Federico Fellini’s “La Dolce Vita”, one of the most breathtaking visual assaults on the parables and problems of living the good life, comes jam-packed with readily accessible metaphors for the price of the material comfort most of us seem to seek.
Shot in 1959 on the Via Veneto, the Roman street of clubs, sidewalk cafes and the ongoing parade of the night, La Dolce Vita can be thought of as both a cautionary tale and a kitschy tribute to the sweet life of fading artistocrats.
In many circles, the film has also been seen as a parable, complete with numerical indicators (the seven deadly sins, the seven hills of Rome as well as seven nights and seven dawns). Whichever way you look at it, the story is really an allegory, a cautionary tale of a man without a center. The hero, such as he is, works as a gossip columnist, chronicling the sweet life of second rate movie stars, aging playboys and women of commerce. Marcello constantly dreams of someday doing something good and redeeming, but is trapped in a life of empty nights and lonely dawns.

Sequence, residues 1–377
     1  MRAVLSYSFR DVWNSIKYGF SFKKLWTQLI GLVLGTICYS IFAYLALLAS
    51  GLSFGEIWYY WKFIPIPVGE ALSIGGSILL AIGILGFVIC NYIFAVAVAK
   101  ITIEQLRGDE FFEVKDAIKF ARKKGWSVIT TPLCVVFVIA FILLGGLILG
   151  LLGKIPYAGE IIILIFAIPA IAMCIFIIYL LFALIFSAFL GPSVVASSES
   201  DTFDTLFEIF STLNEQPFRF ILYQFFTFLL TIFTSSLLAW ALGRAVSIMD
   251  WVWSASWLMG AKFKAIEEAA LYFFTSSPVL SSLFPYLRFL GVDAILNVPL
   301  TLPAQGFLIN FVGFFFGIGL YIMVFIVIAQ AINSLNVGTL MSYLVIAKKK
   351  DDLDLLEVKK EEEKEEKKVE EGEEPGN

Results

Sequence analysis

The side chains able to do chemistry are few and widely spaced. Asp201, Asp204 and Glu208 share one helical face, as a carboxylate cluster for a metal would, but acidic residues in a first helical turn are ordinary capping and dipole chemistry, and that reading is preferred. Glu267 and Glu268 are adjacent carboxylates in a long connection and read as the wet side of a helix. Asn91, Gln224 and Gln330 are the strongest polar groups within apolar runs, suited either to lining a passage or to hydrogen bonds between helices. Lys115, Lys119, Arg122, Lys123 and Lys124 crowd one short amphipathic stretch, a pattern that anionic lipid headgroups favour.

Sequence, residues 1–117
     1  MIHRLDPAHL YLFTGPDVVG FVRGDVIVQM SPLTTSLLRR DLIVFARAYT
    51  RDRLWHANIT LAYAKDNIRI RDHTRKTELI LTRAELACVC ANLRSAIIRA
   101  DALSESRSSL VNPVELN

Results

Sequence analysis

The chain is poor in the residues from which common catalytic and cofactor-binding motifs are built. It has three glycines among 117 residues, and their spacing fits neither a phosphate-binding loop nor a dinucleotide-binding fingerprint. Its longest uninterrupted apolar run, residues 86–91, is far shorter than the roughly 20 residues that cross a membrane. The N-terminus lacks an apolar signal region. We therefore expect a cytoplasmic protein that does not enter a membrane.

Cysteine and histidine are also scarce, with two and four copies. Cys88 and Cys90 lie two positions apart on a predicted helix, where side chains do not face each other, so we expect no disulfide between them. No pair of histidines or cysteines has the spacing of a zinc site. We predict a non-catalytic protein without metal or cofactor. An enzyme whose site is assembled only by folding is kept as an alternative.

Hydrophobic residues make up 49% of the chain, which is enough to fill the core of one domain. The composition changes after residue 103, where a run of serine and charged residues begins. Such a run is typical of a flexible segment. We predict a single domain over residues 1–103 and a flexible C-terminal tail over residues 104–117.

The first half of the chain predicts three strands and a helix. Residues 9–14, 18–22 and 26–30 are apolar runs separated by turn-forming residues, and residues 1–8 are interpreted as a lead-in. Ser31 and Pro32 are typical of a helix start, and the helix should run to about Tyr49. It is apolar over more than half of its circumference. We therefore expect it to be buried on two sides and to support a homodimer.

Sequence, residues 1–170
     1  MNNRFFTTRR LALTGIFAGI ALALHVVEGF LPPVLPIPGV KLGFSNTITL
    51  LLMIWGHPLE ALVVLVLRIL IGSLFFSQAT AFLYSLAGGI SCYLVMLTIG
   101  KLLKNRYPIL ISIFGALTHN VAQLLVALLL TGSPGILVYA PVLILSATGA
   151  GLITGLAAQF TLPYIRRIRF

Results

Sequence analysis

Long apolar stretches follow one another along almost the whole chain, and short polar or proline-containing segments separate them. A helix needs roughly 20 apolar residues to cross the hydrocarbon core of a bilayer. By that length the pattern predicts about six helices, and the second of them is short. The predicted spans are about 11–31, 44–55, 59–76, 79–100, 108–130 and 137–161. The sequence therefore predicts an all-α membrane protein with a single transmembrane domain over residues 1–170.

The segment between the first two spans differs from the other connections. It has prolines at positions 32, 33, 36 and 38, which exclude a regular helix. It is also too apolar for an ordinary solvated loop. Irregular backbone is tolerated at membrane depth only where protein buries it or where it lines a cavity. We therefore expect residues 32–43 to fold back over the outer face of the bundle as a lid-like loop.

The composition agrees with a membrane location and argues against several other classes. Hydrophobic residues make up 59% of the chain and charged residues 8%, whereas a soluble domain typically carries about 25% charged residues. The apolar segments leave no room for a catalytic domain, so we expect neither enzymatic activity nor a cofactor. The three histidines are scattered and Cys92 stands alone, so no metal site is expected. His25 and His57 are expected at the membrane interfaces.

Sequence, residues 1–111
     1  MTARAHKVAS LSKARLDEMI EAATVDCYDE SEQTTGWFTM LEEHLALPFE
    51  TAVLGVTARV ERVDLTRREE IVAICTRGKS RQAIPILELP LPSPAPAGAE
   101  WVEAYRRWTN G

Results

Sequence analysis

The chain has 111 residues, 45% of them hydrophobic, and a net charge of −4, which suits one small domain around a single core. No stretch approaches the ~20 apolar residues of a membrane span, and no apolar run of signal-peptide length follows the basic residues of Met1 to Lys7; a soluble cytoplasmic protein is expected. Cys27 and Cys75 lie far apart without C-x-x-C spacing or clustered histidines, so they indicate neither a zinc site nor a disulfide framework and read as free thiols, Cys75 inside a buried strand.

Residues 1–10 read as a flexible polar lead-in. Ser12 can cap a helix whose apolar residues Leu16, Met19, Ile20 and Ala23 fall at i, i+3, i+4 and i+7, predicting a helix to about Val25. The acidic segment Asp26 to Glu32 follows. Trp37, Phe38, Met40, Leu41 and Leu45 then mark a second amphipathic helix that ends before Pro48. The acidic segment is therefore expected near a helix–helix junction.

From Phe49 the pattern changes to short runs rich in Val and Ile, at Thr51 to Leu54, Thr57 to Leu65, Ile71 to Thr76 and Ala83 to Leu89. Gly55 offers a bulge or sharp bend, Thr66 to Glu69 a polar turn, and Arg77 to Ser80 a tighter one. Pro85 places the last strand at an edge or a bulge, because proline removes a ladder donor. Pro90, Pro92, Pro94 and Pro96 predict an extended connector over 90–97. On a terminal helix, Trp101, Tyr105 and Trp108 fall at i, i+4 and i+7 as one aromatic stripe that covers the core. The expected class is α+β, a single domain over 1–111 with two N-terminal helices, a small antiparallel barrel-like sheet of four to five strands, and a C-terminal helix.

The narrative leaps from one visual extravaganza to another, following Marcelo as he chases down stories and women. After one too many mornings, we begin to understand the film’s structure: A series of nights and dawns, descents and ascents. Marcello goes down into subterranean nightclubs, hospital parking lots, the hooker’s hovel and an ancient crypt. He ascends St. Peter’s dome, climbs to a choir loft, and to the high-rise apartment of Steiner (Alain Curry), the intellectual who is his hero.
One of the most telling sequences involves two sequences that essentially mirror each other. The famous opening scene, as a statue of Christ is carried above Rome by a helicopter, is matched with the closing, in which fishermen on the beach find a sea monster in their nets. Two Christ symbols: the statue ‘beautiful’ but false and the fish ‘ugly’ but real. If the opening and closing scenes are symmetrical, so are many others, matching the sacred and profane and casting doubts on both.
The film is something of a doppleganger. Showing two sides of an intrinsically unsolvable problem, it asks us to choose between youth and the pragmatic. Whichever path we take, the obstacles will be waiting. What will we do with them?